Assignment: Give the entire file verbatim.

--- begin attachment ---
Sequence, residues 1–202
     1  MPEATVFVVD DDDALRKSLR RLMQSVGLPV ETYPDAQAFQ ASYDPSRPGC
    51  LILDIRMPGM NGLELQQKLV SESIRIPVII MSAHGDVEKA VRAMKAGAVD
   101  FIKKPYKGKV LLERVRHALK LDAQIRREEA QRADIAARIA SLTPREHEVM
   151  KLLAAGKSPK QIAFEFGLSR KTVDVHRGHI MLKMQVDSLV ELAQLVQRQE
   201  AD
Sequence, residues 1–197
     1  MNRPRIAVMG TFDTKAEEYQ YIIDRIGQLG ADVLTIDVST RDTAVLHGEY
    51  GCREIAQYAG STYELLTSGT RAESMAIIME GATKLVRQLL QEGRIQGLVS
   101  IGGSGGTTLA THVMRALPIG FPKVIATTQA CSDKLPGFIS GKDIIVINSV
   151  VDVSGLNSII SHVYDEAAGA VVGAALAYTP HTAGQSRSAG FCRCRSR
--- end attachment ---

Sequence, residues 1–202
     1  MPEATVFVVD DDDALRKSLR RLMQSVGLPV ETYPDAQAFQ ASYDPSRPGC
    51  LILDIRMPGM NGLELQQKLV SESIRIPVII MSAHGDVEKA VRAMKAGAVD
   101  FIKKPYKGKV LLERVRHALK LDAQIRREEA QRADIAARIA SLTPREHEVM
   151  KLLAAGKSPK QIAFEFGLSR KTVDVHRGHI MLKMQVDSLV ELAQLVQRQE
   201  AD
Sequence, residues 1–197
     1  MNRPRIAVMG TFDTKAEEYQ YIIDRIGQLG ADVLTIDVST RDTAVLHGEY
    51  GCREIAQYAG STYELLTSGT RAESMAIIME GATKLVRQLL QEGRIQGLVS
   101  IGGSGGTTLA THVMRALPIG FPKVIATTQA CSDKLPGFIS GKDIIVINSV
   151  VDVSGLNSII SHVYDEAAGA VVGAALAYTP HTAGQSRSAG FCRCRSR